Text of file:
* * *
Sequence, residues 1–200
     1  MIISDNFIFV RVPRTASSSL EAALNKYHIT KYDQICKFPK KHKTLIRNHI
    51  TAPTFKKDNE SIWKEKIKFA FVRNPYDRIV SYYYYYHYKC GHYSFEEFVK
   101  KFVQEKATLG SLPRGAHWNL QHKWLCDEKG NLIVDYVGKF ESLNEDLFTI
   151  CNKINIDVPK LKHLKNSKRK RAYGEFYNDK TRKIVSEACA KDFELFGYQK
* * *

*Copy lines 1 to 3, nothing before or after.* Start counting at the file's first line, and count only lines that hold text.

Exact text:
Sequence, residues 1–200
     1  MIISDNFIFV RVPRTASSSL EAALNKYHIT KYDQICKFPK KHKTLIRNHI
    51  TAPTFKKDNE SIWKEKIKFA FVRNPYDRIV SYYYYYHYKC GHYSFEEFVK